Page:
Fibrous Gypsum Enlarge
Oct.r 1. 1807. Publish’d by Ja.s Sowerby. London.
British Mineralogy
Calx sulphata

Fibrous Gypsum

  • Class 2. Earths.
  • Order 1. Homogeneous.
  • Gen. 3. Lime.
  • Spec. 3. Sulphate of Lime.

When on the coast at Sidmonth, I had the gratification of seeing the red marly sides of ihe cliffs or rocks beautifully, to appearance, veined with red and white Gypsum, from half an inch or less to a foot or more in thickness, for many feet below the summit; and from what I have been informed by my friend Mr. Murray, it should seem that it has much the same appearance at the beautiful grove near Clifton Hall in Nottinghamshire, the seat of Sir Jervas Clifton. The Marle varying between these veins, which are often very broad, is commonly called Red-rotten-stone-rock*, and is sometimes intermixed with a greenish, more or less indurated, Marle. The Red-rotten-stone-rock moulders on exposure to the air, and often leaves the Gypsum projecting in flattish shelves, which also sometimes moulder or fall down, sooner or later, according to their purity or some other circumstances.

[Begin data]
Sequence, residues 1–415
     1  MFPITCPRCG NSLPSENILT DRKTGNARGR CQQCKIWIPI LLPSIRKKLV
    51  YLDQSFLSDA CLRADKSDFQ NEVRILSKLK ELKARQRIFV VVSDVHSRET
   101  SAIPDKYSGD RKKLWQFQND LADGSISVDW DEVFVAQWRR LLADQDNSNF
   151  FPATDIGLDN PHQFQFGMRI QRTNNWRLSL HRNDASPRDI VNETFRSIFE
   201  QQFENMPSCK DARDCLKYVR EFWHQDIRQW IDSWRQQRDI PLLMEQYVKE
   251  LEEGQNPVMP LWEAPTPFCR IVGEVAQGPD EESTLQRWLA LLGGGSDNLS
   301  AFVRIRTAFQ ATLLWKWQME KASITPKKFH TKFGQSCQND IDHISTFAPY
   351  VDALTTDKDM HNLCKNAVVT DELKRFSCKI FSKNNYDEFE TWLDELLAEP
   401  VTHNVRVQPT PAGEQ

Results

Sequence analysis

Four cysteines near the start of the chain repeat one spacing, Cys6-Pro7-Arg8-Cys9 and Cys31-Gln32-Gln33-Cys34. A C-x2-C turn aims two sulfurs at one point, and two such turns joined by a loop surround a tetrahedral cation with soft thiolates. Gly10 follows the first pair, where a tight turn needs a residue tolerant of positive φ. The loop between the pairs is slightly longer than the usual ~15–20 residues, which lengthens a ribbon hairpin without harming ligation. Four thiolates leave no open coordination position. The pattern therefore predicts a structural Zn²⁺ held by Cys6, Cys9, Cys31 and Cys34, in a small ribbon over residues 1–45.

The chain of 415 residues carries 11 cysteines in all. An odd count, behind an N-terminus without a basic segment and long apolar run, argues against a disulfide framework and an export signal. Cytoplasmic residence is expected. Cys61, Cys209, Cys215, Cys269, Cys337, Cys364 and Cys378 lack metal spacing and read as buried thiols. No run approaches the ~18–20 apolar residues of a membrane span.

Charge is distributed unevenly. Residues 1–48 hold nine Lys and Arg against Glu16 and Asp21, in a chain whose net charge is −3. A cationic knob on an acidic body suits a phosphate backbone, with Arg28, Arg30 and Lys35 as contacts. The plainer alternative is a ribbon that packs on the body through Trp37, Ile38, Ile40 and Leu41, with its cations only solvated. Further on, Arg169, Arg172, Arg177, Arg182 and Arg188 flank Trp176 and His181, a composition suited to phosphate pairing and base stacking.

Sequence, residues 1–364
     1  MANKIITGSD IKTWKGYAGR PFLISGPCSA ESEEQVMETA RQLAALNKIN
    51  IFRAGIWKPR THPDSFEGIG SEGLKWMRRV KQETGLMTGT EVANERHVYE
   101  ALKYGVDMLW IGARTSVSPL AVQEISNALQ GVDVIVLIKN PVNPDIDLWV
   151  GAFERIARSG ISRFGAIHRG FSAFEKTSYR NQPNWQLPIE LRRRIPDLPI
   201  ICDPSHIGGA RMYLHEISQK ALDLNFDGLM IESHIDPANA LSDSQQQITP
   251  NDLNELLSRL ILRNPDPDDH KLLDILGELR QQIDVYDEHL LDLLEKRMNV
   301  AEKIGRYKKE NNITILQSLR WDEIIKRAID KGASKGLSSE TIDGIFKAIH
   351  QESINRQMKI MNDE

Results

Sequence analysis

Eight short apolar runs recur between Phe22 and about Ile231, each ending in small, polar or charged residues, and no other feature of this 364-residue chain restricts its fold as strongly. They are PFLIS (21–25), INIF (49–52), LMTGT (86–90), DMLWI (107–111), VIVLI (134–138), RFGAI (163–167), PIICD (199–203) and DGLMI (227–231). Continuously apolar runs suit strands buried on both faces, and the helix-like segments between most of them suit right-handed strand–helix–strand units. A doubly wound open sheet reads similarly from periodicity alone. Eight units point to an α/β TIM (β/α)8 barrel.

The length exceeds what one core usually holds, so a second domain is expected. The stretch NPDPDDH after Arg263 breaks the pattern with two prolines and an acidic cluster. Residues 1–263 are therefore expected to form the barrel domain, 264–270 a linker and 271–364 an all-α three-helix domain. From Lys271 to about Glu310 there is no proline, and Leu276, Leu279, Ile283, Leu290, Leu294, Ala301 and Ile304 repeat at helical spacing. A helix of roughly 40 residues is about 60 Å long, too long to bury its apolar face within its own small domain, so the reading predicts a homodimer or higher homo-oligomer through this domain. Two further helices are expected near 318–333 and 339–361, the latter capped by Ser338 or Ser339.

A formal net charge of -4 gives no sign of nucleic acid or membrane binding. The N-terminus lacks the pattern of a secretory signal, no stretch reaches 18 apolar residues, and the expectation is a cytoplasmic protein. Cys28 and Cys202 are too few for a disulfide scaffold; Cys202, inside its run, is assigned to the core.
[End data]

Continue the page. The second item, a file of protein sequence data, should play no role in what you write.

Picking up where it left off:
The upper specimen, figured in this plate,is from Clifton, with the Marie above and below it. It is often very red, as if stained with the Marle: the present is a greyish specimen, with the appearance of the Sulphate of Strontian found in a rock of the same nature in the neighbourhood of Bristol, where Gypsum is indeed sometimes found, but may be easily distinguished from that heavy earth, by its being so much softer and lighter. I chose this specimen for the sake of comparison. This finely fibrous variety, and the coarsely striated one, may make several degrees to the more compact or amorphous sort one way, or to the crumbly or dusty the other way.—This latter is said to be washed from the Gypsum in the rocks, and is called Gypsum earth, but is a mere variety, and seldom occurs: indeed it would seem rather remarkable if it should remain long in a dusty state, especially as at the Baths of St. Philip, in Tuscany, the stream deposits the Gypsum as it passes, so as to make casts. This is now so contrived as to deposit it with the greatest nicety into moulds of the neatest workmanship, when generally the basso-relievo medals or figures taken out, are as hard as those made from baked or manufactured Plaistcr of Paris, as it is usually called.

Gypsum has been in use for ages as a manure, and is now become very fashionable, large manufactories being established for grinding, and patents taken out for the preparation.

  • * The substance has nothing in common with the Rotten Stone used by the lapidaries, tab. 240.
  • † I have specimens from Forth River, near Belfast, by favour of Mr. Drummond.
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